FCNY's Favorite Pieces
Here are the favorite flute pieces of FCNY's Resident Flutists!
Andre Jolivet - Cinq Incantations
"Jolivet's Cinq Incantations is such a powerful, strong piece. I've always been drawn to performing music that makes a big statement, and this piece does just that. I performed this piece on my final Master's Degree recital in Copenhagen, and it is a performance that I will take with me everywhere. I had a friend of mine who is a visual artist do graphics in the background, and a friend who is a singer read aloud the names of the incantations before each one from a balcony on the other side of the room. The whole experience was thrilling...especially because the music itself is so demanding!" -Lauren
Ian Clarke - The Great Train Race
"I've always had an affinity for music that shows the expansive and exciting nature of the flute, and there's nothing like the rush of transforming into a speeding train in front of your audience. I was preparing for graduate school auditions, and I knew that one of my pieces needed to be contemporary but virtuosic, and with all the other repertoire I was learning, it needed to be short. This piece was always on my bucket list and so I decided that it would be my final piece for all of my auditions for graduate school. Every time I got the chance to perform it, I could feel the panel get excited because of how different and exhilarating it was to hear when you've been listening to Mozart and excerpts all day.
I still remember my audition for the Mannes School of Music like it was yesterday. It was early in the morning and snowing outside, and it was the last of my auditions for the season. I finished the audition with "The Great Train Race", and I still remember looking up at the panel when I had finished and being met with such big smiles and kind words. I received my acceptance to Mannes a few weeks later and began my dream of being a musician in NYC, and for that I have so much love and gratitude towards this piece! -Jackie"
Otar Taktakishvili - Sonata
"In February of 2005, I started shopping for a new flute. I was a freshman when I began my search, but didn't finalize until November of my Sophomore year, about 9 months later. There was a period at the end of the search where I had selected a flute, but just needed to arrange for payment, which took about 2 months, during which time, I didn't have my new flute to play on. I was finally able to make payment and I received the flute at about 4pm on the day of a Studio Recital.
I don't think I had even 10 minutes to play on the flute before receiving it, but I decided, "no looking back" and performed the Taktakishvili Sonata on the new flute without any break-in period. I went from practicing on a Gemeinhardt 33OSSB to performing on a 14K gold Miyazawa in the blink of an eye. It was definitely not my best performance - the Miyazawa was such a pleasure and had so much more responsiveness that it was very difficult to control. But I'll never forget that second movement of the Taktakishvili Sonata - as beautiful as it is without this kind of cathartic experience - it was a truly transcendent experience!" - Julian
Aaron Copland - Duo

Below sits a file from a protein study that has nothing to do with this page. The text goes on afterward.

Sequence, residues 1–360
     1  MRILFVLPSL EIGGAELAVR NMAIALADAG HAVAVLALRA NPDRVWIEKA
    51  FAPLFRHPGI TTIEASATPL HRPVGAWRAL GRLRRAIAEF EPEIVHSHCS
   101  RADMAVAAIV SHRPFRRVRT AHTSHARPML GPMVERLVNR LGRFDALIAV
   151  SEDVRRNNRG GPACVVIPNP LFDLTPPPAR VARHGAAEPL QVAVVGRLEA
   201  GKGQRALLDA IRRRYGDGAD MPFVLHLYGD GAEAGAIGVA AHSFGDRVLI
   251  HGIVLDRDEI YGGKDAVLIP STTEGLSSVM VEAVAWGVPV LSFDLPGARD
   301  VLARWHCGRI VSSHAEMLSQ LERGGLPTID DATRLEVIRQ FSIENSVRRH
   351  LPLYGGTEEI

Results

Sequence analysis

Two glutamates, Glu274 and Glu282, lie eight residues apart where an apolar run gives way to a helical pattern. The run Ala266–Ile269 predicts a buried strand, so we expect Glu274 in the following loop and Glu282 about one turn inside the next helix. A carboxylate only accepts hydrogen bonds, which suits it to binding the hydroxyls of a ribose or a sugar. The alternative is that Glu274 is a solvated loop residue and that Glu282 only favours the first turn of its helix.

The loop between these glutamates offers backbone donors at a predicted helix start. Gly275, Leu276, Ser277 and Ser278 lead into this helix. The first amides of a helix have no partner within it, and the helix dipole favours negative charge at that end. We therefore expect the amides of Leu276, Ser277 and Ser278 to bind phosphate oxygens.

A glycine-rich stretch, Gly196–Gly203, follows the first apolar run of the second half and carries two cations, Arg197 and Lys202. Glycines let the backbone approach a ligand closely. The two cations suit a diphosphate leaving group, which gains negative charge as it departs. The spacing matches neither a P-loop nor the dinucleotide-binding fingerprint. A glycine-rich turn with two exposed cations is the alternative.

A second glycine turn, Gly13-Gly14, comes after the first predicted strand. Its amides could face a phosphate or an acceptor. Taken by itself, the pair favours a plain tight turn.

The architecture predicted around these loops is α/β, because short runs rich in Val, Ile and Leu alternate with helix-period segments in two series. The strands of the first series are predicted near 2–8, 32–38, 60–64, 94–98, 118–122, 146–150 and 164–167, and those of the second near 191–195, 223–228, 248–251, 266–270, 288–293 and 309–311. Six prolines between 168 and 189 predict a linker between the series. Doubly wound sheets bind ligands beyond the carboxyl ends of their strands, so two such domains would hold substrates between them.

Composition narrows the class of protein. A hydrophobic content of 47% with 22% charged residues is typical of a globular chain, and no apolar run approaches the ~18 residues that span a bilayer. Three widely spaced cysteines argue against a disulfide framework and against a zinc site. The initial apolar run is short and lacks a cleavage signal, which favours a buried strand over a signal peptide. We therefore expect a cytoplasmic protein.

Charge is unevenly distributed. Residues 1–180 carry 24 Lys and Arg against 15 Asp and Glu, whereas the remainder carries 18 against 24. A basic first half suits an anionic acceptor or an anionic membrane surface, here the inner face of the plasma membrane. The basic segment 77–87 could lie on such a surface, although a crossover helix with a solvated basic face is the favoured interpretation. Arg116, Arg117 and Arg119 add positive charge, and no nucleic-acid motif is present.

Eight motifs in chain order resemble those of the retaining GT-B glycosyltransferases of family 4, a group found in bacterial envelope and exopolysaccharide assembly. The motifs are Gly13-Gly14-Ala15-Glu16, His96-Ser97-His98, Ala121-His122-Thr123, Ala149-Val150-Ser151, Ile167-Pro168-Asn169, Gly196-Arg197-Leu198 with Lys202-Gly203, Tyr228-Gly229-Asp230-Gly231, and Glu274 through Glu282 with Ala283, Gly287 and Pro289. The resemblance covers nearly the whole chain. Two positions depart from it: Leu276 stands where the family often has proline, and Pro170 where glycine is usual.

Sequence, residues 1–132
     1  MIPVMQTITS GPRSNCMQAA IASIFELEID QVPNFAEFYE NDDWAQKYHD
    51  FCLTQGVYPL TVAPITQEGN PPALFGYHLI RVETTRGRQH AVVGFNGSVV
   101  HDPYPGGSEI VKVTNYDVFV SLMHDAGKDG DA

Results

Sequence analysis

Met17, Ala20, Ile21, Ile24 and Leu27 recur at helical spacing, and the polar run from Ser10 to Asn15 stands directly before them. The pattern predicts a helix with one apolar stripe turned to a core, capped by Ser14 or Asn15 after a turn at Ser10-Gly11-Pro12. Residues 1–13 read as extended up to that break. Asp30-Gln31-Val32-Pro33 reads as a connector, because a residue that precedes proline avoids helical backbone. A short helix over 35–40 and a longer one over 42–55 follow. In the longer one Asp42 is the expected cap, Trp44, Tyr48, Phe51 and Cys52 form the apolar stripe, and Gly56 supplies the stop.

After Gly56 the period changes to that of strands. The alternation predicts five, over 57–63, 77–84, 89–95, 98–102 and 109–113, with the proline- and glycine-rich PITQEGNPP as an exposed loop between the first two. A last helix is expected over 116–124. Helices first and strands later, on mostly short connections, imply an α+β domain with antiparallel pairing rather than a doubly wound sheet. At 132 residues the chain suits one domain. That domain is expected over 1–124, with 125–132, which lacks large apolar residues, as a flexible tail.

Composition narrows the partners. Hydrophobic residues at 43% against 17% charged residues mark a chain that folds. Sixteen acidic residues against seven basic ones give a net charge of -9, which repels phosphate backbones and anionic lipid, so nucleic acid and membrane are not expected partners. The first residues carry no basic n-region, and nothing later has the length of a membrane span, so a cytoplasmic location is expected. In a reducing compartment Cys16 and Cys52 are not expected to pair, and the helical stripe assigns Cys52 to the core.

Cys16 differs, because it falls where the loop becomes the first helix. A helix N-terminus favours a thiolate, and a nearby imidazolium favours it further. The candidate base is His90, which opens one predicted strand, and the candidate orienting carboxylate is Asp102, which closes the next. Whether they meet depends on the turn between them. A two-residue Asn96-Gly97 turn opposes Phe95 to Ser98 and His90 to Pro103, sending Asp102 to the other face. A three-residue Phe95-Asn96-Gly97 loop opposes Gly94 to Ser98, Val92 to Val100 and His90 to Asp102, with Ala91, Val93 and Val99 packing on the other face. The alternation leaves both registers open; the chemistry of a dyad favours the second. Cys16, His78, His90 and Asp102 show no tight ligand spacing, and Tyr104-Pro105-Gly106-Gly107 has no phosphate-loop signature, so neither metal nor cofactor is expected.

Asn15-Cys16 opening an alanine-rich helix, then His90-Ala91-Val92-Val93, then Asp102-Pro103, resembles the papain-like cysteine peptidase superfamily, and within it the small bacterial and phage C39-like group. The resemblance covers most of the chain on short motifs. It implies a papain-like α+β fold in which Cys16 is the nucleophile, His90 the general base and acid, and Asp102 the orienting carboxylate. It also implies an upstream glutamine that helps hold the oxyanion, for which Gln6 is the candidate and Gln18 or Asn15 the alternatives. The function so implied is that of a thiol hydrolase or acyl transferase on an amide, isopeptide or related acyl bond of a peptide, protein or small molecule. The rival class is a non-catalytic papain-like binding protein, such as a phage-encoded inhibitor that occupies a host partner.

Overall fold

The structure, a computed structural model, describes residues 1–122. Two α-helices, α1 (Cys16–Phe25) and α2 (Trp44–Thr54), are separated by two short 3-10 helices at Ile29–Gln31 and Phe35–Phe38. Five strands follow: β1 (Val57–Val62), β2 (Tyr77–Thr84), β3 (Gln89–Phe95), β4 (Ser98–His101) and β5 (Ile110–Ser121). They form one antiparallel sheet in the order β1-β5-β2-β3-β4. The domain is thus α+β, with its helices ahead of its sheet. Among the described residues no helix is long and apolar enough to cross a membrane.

"I learned this piece the summer after my junior year in college. I had just been accepted to attend the Imani Winds Chamber Music Festival and I got to play this piece for the "Rising Stars Concert" that they had to open the festival. Later in the festival, I had the privilege of playing the first movement in a Masterclass with Paula Robison. It was so wonderful to get her feedback on this piece because Aaron Copland came to listen to her rehearse this piece before her first performance. So she has first hand knowledge of how the composer really wanted this piece to sound. The Imani Winds Festival also hosted at Juilliard so this meant it was my first time coming to New York City. I absolutely fell in love with the energy of New York and knew I would live here someday. This was also the final piece I played in my senior recital for my BM in Performance so this piece will always have a special place in my heart because it embodies so many milestone experiences in my musical career." -Alex
G.P Telemann - 12 Fantasias
"I have always loved the Telemann Fantasies. I have fond memories of performing the Fantasie in E Major for an all-Telemann recital in middle school, and it seems that no matter how many times I revisit them (now as both a performer and a teacher), I always find something new."
Charles Griffes - Poem
"I learned Griffes Poem during my junior year of undergrad for my school's concerto competition. This was the first piece that I felt like I was truly able to immerse myself in the expressiveness of the music and communicate that in my playing. In my mind I had a full storyline throughout the whole piece, like a fairytale. I made it to the final round of the concerto competition, which I had never done before! Though I didn't win that competition, I came back to this piece several years later after my master's for a different competition, and won! I was able to perform it with orchestra in May 2018, my first time performing a solo with orchestra. It was a beautiful full circle moment!" -Kim
Pierre Sancan - Sonatine
"I've always loved the Sancan Sonatine and the way it makes me feel like I've been transported into a Monet painting. I've studied drawing and painting and continue to keep it up as a hobby, so I am particularly drawn to pieces like Sancan's that are so evocative of the Impressionist movement. " - Caity